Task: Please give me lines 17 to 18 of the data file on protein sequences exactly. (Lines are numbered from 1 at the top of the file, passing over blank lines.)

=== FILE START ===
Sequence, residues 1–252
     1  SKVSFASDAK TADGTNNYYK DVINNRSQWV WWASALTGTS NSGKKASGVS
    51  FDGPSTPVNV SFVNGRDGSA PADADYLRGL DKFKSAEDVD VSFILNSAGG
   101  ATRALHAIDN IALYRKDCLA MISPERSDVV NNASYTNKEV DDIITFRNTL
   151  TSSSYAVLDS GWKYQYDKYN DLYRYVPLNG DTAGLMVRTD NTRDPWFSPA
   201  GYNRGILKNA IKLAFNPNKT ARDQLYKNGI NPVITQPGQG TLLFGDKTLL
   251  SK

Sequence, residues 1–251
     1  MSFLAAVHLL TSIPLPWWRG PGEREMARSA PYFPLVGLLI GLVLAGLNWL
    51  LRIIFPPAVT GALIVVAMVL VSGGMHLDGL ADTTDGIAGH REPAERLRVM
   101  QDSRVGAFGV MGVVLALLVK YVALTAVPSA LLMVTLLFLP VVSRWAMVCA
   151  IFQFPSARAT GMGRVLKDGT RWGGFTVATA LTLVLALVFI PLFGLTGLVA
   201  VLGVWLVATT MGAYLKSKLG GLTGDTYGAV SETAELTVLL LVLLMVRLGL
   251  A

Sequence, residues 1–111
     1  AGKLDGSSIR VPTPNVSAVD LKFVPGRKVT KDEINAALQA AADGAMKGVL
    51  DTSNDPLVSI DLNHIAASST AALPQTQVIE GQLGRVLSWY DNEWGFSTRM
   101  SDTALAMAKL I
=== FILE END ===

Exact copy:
    51  DTSNDPLVSI DLNHIAASST AALPQTQVIE GQLGRVLSWY DNEWGFSTRM
   101  SDTALAMAKL I